When something out of human control or influence happens (that damages a vehicle) it’s called an Act of God. Things like forest fires, tornadoes and other storms, earthquakes, floods, or a volcanic eruption fall into this category. Acts of God are generally covered under comprehensive coverage, not collision or liability.

Additional Insured or Additional Interest

A person other than the main insured person who is also covered on an insurance policy is an additional insured. For example, if your car is leased, your leasing company is likely an additional insured on your policy.

Carrier

The insurance company, or insurance carrier, is the entity that issues an insurance policy. It’s called a carrier because it carries certain risks in lieu of the main insured person.

Claim

Any request or demand for the carrier to pay according to the insurance policy is called a claim. The person who makes the claim is the claimant.

Coverage

The benefits and protections that are named in an insurance policy constitute the coverage. Each portion of the policy is subject to the terms and conditions of that specific policy, so your coverage may not be the same as your neighbor’s even if you use the same carrier.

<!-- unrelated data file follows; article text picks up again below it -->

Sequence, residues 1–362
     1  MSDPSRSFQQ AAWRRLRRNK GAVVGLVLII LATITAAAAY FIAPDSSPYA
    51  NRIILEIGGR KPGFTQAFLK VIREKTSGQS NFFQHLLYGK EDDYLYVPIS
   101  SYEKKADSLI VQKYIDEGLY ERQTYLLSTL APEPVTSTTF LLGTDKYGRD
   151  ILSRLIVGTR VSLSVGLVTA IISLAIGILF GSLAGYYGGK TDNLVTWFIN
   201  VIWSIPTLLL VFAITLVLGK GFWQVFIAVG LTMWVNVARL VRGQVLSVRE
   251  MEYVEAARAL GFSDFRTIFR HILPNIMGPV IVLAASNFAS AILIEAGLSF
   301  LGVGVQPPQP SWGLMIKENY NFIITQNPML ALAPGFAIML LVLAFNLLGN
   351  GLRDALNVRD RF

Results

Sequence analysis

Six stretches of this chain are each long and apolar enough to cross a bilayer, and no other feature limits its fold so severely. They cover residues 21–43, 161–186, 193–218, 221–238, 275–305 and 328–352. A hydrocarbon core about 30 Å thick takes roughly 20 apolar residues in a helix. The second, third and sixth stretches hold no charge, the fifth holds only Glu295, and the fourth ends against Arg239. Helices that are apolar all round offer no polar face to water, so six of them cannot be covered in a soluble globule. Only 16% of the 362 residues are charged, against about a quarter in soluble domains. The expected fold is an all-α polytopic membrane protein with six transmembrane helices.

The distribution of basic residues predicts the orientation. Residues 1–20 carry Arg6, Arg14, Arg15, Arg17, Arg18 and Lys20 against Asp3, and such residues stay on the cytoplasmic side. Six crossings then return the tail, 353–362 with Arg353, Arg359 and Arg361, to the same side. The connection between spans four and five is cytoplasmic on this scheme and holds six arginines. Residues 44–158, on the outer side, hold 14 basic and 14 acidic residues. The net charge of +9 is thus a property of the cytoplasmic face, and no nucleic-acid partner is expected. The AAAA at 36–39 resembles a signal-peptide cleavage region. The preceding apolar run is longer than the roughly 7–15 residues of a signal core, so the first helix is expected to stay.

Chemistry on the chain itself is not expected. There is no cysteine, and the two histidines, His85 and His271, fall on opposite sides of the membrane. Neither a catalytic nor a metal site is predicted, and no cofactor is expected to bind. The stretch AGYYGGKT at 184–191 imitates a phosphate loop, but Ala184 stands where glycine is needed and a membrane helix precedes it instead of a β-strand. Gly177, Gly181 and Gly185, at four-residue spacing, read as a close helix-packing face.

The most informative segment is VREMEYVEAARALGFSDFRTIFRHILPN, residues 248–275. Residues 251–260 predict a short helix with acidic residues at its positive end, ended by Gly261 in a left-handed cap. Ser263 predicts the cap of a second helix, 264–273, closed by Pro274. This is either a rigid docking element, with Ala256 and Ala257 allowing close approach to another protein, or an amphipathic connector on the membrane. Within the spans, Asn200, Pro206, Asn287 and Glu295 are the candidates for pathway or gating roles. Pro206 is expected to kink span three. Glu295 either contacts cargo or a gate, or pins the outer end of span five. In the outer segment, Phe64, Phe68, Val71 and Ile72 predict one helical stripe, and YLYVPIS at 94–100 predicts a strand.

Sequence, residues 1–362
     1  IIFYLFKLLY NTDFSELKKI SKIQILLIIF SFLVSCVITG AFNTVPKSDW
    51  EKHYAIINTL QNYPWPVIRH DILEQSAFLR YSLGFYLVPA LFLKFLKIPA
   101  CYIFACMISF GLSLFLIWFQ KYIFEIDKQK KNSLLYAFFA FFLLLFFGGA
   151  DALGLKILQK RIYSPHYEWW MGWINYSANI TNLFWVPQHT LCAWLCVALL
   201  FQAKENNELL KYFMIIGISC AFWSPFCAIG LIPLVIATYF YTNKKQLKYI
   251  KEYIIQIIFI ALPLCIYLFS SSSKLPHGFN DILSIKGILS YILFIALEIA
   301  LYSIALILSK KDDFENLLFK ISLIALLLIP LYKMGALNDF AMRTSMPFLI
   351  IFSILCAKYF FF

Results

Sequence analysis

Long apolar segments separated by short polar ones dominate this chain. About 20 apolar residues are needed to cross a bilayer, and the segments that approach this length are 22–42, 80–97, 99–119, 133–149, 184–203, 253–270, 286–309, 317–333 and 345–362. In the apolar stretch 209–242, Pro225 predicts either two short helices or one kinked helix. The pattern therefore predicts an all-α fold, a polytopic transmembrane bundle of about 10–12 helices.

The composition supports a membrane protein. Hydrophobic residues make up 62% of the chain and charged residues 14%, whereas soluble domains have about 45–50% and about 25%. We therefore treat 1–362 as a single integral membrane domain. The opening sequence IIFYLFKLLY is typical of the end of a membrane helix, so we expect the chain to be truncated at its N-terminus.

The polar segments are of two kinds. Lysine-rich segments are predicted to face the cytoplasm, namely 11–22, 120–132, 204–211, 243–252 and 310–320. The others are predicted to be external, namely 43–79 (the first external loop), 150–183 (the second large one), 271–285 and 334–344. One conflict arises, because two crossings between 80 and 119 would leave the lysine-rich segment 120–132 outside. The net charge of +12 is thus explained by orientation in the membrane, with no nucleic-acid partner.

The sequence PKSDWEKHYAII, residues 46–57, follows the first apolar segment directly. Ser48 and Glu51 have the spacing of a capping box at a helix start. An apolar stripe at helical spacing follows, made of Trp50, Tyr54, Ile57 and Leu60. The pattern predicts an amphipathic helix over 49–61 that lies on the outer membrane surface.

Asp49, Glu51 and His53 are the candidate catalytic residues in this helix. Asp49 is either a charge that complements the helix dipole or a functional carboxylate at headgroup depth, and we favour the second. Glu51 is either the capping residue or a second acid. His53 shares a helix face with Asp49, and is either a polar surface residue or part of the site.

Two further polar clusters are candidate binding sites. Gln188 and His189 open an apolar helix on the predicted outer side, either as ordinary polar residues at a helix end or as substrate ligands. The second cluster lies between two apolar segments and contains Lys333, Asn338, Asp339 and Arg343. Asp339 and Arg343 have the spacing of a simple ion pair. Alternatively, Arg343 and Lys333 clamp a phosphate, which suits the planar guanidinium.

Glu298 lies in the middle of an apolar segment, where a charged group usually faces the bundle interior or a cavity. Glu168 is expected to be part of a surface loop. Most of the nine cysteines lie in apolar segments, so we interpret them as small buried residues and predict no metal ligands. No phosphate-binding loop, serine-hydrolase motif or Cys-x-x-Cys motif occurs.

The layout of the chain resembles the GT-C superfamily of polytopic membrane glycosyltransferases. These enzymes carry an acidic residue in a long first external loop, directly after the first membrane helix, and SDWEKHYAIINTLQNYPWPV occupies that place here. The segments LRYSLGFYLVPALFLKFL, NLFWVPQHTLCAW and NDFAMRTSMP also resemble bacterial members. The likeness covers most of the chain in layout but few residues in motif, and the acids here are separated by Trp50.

No Fault Insurance

Some states require insurance companies to pay losses of their policyholders that are covered in the claims without regard to fault in an accident. This doesn’t mean they have to pay for everything, it just means that the policy kicks in when a covered accident happens and not when fault is determined.

Comparative Negligence

This legal principle is applicable in certain states and means that even when a driver is partly at fault for an accident, they’re still able to make a partial claim. The negligence of each party is compared to that of the other party and the claim depends on the percentage of responsibility.

Contributory Negligence

This legal principle is applicable in certain states and means that a driver who is at fault, even a little bit, is not able to make a claim on their insurance policy.

Deductible

Insurance policies include a deductible, or a set fee that the covered party is responsible to pay toward damages before the insurance can be paid out.

Exclusions

An exclusion is something that is not covered under an insurance policy. It may be a certain event, person, property, situation, or something else. For example, it’s unlikely that damage caused by drag racing is covered under an auto insurance policy, even if an accident occurs.

Loss

This is the amount the insurance company pays out on any given claim.

Steering

If an insurer tries to get a vehicle owner to use a certain repair shop, it’s called steering. Steering is illegal in most states and vehicle owners have the right to choose their own repair shop.